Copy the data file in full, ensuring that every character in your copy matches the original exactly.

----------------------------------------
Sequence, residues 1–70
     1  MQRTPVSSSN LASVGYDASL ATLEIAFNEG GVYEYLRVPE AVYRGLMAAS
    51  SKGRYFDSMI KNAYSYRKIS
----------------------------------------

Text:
Sequence, residues 1–70
     1  MQRTPVSSSN LASVGYDASL ATLEIAFNEG GVYEYLRVPE AVYRGLMAAS
    51  SKGRYFDSMI KNAYSYRKIS